Oscar hungry mainstreamers may be decried by many, who don’t really care for what the Gold man’s verdict is year after movie-reel(ing) year, but it does serve to bring the movie to their notice, if nothing else: splashing its award winning Music Director and other participants on newspapers whose corresponding article(s) speak of how the movie has crossed every pre-Oscar hurdle, and how winning an Oscar will serve as such a big boost for 26/11-ed Mumbai, to say the least.
To quote A.R. Rahman: “I hope it wins an Oscar. Indians are crazy about Oscars”. With so much exposure, everyone ends up watching it. Whatever their reasons be, to categorize it, to see it because everyone else has, to say it’s overrated and not really worth it etc. Opinions and viewer ship, all increase to lead to one large cacophonic fest that is the aftermath of the 21st century’s most widespread art form. Movies!
With all the brouhaha behind everything I had heard of Slumdog, I expected a movie so grand, that ‘mass’ in mass-appeal would include everyone, and suffice it to say that it turned out to be the kind where I say so while actually meaning it.
Charged with fraud over alleged cheating in the Indian version of ‘Who Wants to Be Millionaire?’, Dev Patel’s character Jamal Malik is telling the inspector (Irfaan Khan) and his portly sidekick the story of his life in an answer by answer form, while in resigned denial of what he has been accused of doing.
Jamal Malik, the protagonist’s character is nervous, funny, guileless, kind, romantic, angry, sarcastic, freewheeling and self-righteous, exactly where the story needs him to be. While having the film based on Vikas Swarup’s novel Q&A, the story weaves in and out of Jamal’s present and past, where he associates different events to the sum total of knowledge in his head today.
In Malik’s case, the experiences were part of a larger whole and always so shocking and transfixing when seen, heard or felt while emotion ran high in him, that he never forgot them then on. This use of memory and association is seamlessly portrayed here. It is also a sure-shot entry into the hearts of the greyest cynic: At the risk of generalization, we’ve all had moments when adrenalin and association confuse, co-relate and engrave in our memory, what we may not had given a second glance. Inane, but innate.
While arguably, doing this must have been naturally storyteller-esque for Swarup in his book, having achieved this in a manner that is superbly entertaining in a movie merits more than just a polite golf-clap. The intelligence is further honey-ed by Rahman’s characteristically flamboyant and endorphin producing background score. Western audiences probably take to it so well, because of its no-holds barring, drum-y, huge stage, meant-to-inspire-awe music. The kind that makes you cheer in the scenes preceding the hero’s final success and the villain’s fall from smug and wealthy grace.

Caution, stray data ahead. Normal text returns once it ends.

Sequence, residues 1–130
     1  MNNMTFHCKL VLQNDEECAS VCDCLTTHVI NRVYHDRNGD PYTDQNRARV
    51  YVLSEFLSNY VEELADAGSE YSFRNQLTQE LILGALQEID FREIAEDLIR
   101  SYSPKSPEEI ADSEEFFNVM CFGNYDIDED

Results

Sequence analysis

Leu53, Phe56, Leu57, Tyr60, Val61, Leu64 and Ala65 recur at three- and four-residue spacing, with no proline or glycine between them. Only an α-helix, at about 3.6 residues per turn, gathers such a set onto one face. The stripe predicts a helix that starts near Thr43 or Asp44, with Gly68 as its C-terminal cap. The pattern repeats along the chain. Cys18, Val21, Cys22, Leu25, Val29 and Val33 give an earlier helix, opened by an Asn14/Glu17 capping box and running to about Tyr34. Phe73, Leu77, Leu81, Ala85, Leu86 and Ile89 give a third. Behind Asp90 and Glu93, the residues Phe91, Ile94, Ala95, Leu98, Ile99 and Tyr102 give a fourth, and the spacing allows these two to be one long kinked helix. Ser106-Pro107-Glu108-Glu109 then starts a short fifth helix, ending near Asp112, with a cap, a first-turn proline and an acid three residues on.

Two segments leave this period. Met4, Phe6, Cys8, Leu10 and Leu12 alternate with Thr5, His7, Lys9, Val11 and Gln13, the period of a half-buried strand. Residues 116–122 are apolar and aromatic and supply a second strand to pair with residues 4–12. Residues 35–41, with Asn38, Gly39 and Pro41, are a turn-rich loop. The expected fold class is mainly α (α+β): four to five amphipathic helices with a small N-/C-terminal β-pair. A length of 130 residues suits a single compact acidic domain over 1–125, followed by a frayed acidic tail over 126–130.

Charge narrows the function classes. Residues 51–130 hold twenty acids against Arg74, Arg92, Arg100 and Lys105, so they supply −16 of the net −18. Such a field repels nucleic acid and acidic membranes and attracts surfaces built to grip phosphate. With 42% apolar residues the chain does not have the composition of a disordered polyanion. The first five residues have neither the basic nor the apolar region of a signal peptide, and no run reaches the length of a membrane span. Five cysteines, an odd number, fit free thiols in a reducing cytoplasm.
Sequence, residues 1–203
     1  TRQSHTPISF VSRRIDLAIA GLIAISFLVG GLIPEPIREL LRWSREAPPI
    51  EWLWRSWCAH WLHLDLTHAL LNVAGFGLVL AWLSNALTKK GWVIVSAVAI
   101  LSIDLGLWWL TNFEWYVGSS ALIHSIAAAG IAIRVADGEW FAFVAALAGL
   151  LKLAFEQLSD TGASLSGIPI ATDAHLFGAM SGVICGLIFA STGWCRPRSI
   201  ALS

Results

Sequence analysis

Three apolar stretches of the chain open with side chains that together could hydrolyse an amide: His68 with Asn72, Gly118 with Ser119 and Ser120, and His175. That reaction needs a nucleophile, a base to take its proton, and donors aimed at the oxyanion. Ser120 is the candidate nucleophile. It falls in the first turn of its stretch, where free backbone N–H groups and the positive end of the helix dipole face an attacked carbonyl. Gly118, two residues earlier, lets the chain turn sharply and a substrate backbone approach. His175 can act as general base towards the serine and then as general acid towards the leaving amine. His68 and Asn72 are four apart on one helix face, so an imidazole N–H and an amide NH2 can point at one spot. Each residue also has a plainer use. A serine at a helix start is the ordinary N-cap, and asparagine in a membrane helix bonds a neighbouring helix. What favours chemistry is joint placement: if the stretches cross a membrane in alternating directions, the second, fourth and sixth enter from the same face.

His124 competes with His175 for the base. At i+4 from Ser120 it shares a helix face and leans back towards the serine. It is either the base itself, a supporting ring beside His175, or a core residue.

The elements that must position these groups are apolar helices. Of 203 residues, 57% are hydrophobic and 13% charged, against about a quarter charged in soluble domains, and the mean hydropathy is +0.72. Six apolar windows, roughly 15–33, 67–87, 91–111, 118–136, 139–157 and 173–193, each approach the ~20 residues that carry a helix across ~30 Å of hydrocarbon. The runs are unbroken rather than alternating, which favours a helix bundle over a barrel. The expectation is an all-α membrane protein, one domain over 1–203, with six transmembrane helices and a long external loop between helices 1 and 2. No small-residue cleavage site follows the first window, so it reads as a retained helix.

The Highlight of his highlights is his destiny-lore sharing Freda Pinto or Latika, as her character is named, as an orphaned slum kid like Jamal and his brother. Later Latika, the coveted virgin ‘Cherry’ in Bombay’s Pali street and then the abused and ill-treated keep of a powerful Mumbai mafia lord. Jamal’s only purpose for having entered the show is, “Because I hoped she would be watching”. Their coevality is confirmed and acted upon by him before he enters the show, having met and then thwarted in their Happy Ever After by the mafia lord’s goons (including Jamal’s elder brother Salim played by Madhur Mittal), our hero sets out to mend his life, and consequently, that of his forsaken girlfriend’s in a manner so fatalistic, the viewer can’t help but appreciate it.
A smile-inducer in a non-sappy way, a winner at the Box Office and begrudgingly in the eyes of artsy movie buffs, forgive the cliché, but Boyle and his team deservedly laugh their way to millions.
This then, serves as Jerry Rubin’s proverbial longhair that works between the kids on the street and the millionaire businessmen, combining elements of both in a Hollywood meets Bollywood extravagant meeting of the twain.
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